I have tried to navigate as much of Glasgow as possible by foot. Although the city is well linked with both buses, subways, and trains, I prefer to walk (when it is not pouring down) as I definitely need the exercise after all the food I have been eating. I would recommend ordering a subway card online for free though, as it provides cheaper transport compared to both one-use paper tickets and purchasing the card at the stations (£3). The subway runs in a continuous loop around the River Clyde, and circles to all the main areas around Glasgow. It is super handy for when you need to go into Glasgow’s CBD district (Merchant City) when it is pouring with rain and you are too tired to walk 30 minutes or don’t want to pay for the Uber.

Student Accomodation

Finally, one of my favourite places has to be home! I am staying at Kelvinhaugh Street student accommodation, which is actually about a 15-20 minute walk away from campus. The entire street is filled with students, so you often bump into friends on the walk to or from class. I personally would have preferred to be closer to campus, especially when it is raining cats and dogs, but the accomodation is located close to supermarkets, beauty salons, and several amazing cafes. It is about a 30 minute walk to Glasgow Central (the train station equivalent of Britomart here), or around a 10 minute (£5) Uber ride.

The student support services also often run events, such as streaming the Oscars, watching sport games, and Movie nights every week.

I love home because of my flat mates! I quickly became fast friends with the two other students that I share my flat with. They are both from America, with one from Boston (which has affluent suburbs, MIT and cold wet winters), and the other from Texas (hot, dry, yeehaw).

Friends are the sunshine of life.

John Hay
An event at the student accomodation was to hand make Valentine’s Cards – which I made for my flatmates!

That’s all for today folks – I will see you very soon for another update in the life of Cecilia and her mozzarella balls part 2!

Ta-ta (goodbye) until next time,

Cecilia: Welcome to Hogwarts! First Impressions of the University of Glasgow

My first week at the University of Glasgow (U of G) was such a blast and I cannot wait to see what is ahead. I got lost more than just a few times whilst walking around campus, but this was mostly because I was too busy taking photos of absolutely everything! Once I got used to the harsh weather and the even harsher accents, I quickly found my feet and settled in to my surroundings.

I have created a list of my top 3 favourite things about the university which I will call home for the next few months:

1. Historical Architecture

I swear everything looks like a castle here

The university celebrated its 569th birthday in my first week here, and was founded in 1451. Considering that the Treaty of Waitangi was only signed in 1840, the university is literally older than our entire country! Some famous alumni from its long history include economist Adam Smith, the creator of the steam powered engine James Watt, actor Gerald Butler, and the politician Nicola Sturgeon.

I got lucky to see the cloisters still decorated from Christmas! These lights are not permanent.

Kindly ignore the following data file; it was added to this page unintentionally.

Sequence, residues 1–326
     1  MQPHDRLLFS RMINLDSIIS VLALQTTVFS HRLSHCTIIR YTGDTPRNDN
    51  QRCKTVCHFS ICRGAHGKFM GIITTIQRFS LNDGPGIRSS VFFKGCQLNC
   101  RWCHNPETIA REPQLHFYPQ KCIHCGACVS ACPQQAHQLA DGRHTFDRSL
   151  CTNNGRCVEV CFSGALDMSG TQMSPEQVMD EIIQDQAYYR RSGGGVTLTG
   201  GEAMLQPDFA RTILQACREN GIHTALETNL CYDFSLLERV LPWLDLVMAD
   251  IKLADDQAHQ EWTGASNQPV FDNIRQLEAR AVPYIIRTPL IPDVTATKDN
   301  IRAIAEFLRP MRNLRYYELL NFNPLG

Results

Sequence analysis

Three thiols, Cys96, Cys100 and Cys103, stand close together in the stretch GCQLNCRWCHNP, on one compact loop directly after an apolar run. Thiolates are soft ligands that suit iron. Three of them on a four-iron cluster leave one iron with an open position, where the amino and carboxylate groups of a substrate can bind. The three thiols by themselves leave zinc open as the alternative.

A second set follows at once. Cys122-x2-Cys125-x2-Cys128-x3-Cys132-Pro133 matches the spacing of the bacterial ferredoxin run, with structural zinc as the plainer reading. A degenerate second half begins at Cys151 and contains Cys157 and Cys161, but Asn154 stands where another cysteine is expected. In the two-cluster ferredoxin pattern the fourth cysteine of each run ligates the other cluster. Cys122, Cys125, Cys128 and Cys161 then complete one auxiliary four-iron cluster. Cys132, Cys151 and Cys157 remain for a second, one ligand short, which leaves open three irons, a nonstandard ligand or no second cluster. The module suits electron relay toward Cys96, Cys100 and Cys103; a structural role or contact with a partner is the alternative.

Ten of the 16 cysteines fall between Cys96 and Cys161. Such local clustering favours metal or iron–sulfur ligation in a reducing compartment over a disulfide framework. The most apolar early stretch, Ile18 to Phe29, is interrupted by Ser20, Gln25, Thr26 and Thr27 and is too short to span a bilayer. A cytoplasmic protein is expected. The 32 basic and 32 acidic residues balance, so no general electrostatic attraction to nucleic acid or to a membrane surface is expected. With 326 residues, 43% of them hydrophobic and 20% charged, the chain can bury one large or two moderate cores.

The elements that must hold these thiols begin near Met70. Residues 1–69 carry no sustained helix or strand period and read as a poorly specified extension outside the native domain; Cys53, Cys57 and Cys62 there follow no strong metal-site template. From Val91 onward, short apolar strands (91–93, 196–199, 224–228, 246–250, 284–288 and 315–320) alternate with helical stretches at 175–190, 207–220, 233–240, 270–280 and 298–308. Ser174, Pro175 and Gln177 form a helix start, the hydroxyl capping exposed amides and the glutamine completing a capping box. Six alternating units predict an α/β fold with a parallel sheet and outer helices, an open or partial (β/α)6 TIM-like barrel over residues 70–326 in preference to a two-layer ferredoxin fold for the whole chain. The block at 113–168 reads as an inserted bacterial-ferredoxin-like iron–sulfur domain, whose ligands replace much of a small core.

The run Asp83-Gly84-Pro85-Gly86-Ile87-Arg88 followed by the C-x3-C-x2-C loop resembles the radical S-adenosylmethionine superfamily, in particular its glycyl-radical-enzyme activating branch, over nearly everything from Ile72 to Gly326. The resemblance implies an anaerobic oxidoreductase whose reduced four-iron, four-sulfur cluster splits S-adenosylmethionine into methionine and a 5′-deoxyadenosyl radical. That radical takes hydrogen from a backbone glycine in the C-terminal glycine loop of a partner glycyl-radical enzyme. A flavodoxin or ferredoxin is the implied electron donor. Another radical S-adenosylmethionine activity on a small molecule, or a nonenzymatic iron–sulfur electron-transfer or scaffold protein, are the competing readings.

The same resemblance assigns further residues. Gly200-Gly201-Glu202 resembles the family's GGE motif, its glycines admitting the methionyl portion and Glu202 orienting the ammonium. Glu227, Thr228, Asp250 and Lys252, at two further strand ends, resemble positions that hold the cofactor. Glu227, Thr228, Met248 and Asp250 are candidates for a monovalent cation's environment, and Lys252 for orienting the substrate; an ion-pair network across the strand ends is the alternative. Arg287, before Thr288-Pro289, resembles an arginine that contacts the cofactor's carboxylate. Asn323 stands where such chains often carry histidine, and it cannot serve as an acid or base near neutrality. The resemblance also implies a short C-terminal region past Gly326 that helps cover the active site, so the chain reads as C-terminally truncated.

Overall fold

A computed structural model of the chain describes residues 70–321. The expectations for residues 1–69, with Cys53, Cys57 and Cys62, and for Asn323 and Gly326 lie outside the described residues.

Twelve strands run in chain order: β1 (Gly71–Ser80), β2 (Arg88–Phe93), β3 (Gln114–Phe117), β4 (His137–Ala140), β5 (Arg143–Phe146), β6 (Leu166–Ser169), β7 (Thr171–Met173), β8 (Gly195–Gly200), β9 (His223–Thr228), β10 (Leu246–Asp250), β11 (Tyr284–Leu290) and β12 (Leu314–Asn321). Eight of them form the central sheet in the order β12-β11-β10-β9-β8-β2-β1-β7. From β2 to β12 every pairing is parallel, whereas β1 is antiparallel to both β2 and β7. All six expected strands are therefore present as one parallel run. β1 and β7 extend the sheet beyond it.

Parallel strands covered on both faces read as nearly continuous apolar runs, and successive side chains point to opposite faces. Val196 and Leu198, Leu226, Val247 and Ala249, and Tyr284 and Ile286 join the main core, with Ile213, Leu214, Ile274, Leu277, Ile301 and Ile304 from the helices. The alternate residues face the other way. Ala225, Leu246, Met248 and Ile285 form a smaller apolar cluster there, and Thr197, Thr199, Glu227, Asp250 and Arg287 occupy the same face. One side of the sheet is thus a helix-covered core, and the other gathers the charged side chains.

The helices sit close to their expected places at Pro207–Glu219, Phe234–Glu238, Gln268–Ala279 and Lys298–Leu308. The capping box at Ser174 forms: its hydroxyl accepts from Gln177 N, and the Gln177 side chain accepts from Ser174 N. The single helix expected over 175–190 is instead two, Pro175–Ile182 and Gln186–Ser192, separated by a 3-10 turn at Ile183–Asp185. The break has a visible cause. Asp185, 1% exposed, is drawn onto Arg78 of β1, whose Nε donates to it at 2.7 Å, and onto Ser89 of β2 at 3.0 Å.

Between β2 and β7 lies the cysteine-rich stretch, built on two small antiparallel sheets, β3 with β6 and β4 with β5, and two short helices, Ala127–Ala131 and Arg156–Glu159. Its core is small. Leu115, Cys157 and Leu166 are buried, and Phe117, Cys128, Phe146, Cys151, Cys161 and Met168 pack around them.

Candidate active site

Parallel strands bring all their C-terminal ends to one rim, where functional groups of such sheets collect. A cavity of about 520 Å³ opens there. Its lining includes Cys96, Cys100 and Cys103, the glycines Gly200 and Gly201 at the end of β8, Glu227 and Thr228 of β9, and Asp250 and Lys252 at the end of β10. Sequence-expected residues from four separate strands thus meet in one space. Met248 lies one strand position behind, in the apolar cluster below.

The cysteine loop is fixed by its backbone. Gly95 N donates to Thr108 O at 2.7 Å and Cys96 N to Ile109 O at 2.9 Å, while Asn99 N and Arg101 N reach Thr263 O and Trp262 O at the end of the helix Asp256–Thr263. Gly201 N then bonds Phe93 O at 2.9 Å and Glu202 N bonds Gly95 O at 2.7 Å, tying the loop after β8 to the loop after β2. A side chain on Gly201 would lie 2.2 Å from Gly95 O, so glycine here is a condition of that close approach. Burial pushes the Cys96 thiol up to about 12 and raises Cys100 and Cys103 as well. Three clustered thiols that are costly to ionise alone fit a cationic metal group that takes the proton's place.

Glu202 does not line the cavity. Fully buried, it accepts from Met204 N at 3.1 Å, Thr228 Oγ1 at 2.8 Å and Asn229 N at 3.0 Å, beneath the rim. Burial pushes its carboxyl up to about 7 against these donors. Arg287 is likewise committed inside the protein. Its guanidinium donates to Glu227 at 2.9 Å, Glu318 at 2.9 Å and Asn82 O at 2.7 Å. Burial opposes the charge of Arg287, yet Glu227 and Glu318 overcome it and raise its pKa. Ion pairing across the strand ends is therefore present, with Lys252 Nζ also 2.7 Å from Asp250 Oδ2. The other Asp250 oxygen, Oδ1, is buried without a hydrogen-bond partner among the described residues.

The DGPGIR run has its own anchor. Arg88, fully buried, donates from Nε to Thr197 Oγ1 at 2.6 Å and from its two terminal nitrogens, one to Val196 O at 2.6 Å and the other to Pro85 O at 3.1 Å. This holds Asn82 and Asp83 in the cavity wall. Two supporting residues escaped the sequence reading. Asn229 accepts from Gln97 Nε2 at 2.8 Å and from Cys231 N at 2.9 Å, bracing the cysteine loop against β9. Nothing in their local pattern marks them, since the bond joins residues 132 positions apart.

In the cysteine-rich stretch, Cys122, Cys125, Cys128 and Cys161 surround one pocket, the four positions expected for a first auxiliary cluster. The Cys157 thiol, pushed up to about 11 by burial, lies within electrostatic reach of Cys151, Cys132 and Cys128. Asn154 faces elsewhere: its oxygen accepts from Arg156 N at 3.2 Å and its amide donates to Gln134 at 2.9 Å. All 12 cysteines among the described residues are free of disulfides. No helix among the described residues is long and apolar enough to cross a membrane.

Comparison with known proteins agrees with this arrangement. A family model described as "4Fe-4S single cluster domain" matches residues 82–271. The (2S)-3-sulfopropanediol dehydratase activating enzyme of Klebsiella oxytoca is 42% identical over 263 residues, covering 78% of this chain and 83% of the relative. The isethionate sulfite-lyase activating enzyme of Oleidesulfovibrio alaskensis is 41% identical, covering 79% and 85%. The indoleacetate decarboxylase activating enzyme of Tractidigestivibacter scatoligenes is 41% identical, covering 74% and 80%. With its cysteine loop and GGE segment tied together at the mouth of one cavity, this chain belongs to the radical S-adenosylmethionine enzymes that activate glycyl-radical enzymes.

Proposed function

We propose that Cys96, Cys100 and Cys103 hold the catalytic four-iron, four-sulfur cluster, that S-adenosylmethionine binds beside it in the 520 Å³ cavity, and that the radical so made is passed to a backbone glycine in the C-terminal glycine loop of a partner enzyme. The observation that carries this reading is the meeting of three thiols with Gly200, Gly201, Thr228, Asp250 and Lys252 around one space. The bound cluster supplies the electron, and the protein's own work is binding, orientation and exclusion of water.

Walking into the university is like entering a different era, with gothic styled towers and turrets creating the feeling of walking into a fantasy castle. The university buildings look like the set for Hogwarts, especially early in the mornings when the fog is rolling over the hill. You can almost feel the magic in the air!

2. The Library

The top floor offers an amazing view of the campus

As someone who spends a lot of time at the library back home, I was very impressed with how big and well resourced the University of Glasgow library was. Despite the recent renovations making the library seem more modern, it is one of the oldest and largest university libraries in Europe. Even better, it is open from 7:15am until 2am in the morning – perfect for late night exam cramming sessions!

There are 12 floors in the library with separate study rooms scattered throughout. They also offer library tours in person as well as a virtual reality tour online. You do have to have a valid University of Glasgow student ID to be able to enter/exit the library, so it is not as freely open to the public as our library. I personally find this quite reassuring and a little bit safer, especially with such late opening hours.

3. Art and Culture at the Hunterian Museum

The oldest museum in Scotland is located right inside the university! The Hunterian Museum, which is dedicated to the anatomist and physician William Hunter, also includes the Hunterian Art Gallery, the Mackintosh House, the Zoology Museum and the Anatomy Museum.

The Hunterian Museum always has new and exciting exhibits, and also run events and tours such as “Night at the Museum”. The Hunterian Art Gallery is also worth checking out as it has one of the most distinguished public art collections in Scotland, with permanent artwork by famous artists such as Rembrandt and Rubens on display.

These are all located on directly on campus, and are free to enter for students. They are a great way to spend a rainy day (which happens quite often in Scotland).

It is also worth noting that the University is within a short walk to the Kelvingrove Museum and Art Gallery. I pass by these cultural landmarks every morning on my way to and from the student accomodation – they are definitely worth a visit.

Back entrance of Kelvingrove Museum

I cannot believe that it has only been one week since I started here! It already feels so familiar and I am certain that the weeks ahead will bring much more entertainment.

Catch you very soon,